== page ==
Special screws have been developed over the years that incorporate uniquely designed threads that help to reduce radial/hoop stresses in the plastic material and provide increased pull-out resistance. Bosses—or cored-out holes—require special care in their design to allow for proper flow of the plastic. Proper sizing of the boss and related gussets will help avoid sink marks and provide good structural strength. Adding a radius to all sharp corners will further reduce stress concentrations around the boss.
 
For more information, check out our Secondary operations guide for Eastman Tritan copolyester.

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Tritan on Tour! Sept. 19th, 2017

Want to learn how engineered solutions address some of the biggest challenges in today's medical market? On September 19th, NN and Eastman Chemical Company are teaming up to present 'Tritan on Tour.' Industry leading experts from Henkel, Dukane and PolyOne will join us in showcasing how new materials and manufacturing processes can improve medical device performance. The event will be held at 1 Catamore Blvd., East Providence, RI 02914. To RSVP to this exclusive event, visit: http://www.cvent.com/c/express/88eb9e95-76c0-467f-9c1a-ab52a7a5f193

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Liquid silicone rubber technology enhances Eastman Tritan™ copolyesters.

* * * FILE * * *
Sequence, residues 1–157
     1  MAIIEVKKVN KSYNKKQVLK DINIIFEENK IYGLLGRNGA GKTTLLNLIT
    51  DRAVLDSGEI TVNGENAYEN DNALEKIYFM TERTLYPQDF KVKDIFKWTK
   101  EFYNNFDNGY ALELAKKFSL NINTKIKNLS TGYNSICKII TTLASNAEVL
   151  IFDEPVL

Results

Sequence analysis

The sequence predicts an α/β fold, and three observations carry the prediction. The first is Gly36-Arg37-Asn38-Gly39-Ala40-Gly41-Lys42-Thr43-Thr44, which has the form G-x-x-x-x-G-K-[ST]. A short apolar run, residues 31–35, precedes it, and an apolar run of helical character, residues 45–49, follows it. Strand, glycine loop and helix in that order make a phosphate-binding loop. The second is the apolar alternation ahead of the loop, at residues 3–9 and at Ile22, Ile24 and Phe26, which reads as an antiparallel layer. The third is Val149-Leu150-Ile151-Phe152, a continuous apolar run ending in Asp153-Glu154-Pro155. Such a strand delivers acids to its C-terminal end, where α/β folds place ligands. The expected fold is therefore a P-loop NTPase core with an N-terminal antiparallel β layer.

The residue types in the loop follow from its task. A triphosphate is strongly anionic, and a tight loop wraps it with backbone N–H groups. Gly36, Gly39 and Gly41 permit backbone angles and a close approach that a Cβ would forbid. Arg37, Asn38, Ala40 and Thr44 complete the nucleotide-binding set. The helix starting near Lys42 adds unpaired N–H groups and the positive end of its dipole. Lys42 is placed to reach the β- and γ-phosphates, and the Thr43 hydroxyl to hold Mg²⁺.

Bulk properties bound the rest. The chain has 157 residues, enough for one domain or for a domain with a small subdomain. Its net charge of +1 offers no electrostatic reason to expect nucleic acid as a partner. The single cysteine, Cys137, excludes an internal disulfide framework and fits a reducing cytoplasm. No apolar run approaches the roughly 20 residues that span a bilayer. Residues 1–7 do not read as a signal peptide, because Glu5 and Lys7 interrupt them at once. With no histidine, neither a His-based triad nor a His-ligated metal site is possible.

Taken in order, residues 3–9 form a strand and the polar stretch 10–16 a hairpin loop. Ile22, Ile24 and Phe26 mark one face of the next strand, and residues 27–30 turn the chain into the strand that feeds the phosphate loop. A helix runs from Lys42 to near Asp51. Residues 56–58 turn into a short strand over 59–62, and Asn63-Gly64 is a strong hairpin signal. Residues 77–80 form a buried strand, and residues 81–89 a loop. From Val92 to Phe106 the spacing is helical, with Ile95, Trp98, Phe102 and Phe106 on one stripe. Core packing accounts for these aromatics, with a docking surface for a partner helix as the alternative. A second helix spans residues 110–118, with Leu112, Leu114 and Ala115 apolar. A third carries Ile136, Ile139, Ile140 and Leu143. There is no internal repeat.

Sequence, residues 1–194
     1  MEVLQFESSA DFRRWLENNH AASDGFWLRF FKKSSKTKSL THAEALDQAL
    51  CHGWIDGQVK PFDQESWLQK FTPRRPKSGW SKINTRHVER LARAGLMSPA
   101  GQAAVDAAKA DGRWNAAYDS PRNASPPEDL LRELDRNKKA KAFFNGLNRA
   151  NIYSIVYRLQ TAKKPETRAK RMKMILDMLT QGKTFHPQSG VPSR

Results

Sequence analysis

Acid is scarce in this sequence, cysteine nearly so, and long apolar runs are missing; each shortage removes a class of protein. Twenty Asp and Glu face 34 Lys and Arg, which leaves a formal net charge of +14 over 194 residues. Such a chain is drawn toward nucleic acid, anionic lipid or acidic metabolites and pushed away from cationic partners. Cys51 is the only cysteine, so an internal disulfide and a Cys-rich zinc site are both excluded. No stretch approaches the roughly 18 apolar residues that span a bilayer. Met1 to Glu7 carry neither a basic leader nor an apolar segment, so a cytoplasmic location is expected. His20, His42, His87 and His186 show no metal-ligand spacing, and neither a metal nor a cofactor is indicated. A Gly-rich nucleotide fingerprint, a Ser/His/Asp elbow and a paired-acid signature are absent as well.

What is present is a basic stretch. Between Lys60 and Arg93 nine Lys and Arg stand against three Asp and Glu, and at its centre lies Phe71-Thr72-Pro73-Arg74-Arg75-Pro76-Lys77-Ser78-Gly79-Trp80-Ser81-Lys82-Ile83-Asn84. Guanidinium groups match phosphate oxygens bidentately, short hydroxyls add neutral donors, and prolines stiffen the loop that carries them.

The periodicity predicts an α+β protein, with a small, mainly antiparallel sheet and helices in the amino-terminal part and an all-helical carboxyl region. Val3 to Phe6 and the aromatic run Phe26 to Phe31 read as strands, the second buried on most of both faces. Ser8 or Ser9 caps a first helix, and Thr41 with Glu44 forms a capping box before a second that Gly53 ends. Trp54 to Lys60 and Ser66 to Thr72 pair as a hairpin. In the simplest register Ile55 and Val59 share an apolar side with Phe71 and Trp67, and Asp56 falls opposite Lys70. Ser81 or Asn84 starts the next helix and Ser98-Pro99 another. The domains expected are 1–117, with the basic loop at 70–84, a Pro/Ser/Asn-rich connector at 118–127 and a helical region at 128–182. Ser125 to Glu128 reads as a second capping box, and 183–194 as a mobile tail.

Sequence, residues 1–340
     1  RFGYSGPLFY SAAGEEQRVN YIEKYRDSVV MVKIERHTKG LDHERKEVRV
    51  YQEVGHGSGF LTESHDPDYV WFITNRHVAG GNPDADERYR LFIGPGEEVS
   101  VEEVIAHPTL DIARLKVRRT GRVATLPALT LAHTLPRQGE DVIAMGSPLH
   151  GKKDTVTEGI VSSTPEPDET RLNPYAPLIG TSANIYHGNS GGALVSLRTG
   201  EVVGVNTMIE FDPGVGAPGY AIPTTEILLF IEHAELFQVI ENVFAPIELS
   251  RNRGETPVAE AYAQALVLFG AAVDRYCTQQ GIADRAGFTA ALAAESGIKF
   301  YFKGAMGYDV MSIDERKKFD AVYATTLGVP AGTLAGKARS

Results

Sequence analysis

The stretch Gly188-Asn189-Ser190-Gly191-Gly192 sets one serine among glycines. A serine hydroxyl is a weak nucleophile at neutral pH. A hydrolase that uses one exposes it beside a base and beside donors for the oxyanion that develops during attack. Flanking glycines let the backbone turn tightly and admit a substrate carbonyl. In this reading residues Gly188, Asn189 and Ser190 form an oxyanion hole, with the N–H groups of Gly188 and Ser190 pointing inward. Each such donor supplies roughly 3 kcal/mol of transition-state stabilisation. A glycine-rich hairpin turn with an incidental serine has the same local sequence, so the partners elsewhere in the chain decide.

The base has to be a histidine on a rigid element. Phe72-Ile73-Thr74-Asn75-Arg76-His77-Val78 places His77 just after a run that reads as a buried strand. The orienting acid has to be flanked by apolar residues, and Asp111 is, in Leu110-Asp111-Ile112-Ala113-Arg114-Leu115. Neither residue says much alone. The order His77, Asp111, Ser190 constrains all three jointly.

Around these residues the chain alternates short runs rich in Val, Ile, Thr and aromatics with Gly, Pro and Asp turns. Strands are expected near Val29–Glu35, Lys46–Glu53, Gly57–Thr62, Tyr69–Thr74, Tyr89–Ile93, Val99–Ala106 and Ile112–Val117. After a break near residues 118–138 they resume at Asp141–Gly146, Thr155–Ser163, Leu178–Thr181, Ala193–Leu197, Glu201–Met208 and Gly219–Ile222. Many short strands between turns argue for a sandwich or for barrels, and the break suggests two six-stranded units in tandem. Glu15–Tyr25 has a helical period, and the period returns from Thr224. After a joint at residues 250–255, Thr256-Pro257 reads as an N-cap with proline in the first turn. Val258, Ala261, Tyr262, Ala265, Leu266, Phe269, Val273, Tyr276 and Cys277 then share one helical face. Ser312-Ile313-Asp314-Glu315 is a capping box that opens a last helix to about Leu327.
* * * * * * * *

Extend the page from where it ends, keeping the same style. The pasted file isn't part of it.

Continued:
There’s a growing demand in today’s medical market for innovative medical devices and housings that provide a superior combination of chemical resistance and impact strength. Thanks to advancements in liquid silicone rubber (LSR) technology, manufacturers are now able to meet this demand using medical grades of Eastman Tritancopolyester. 
 
Momentive’s Silopren LSR 47×9 series provides strong in-mold adhesion with Tritan™ without the need for primers. This combination is ideal for applications that require properties like handling comfort, waterproofing, durability, and aging stability, including:
  • Respiratory devices
  • Sealing elements
  • Gaskets for joints in housings and hardware
  • Buttons and switches on electronic housings and hardware
  • Vibration reduction
  • Membranes and lenses for electronic device housings
 
Clear and opaque grades of Tritan™ have a lower Tg and require a lower processing temperature than other engineering polymers. The ability of Silopren LSR 47×9 to cure rapidly at relatively low temperatures is optimal for achieving functional performance and efficient processing with Tritan™. Incorporating LSR technology enhances the advantages of Tritan™, which include outstanding chemical resistance, excellent impact strength and durability, clarity and color retention, and design flexibility.
 
This single-step, integrated molding process can shorten cycle times and reduce input costs. Contact us to learn more about optimizing overmolding with Tritan™ medical grades. 

 
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This Old Mold 3 - Hot runner systems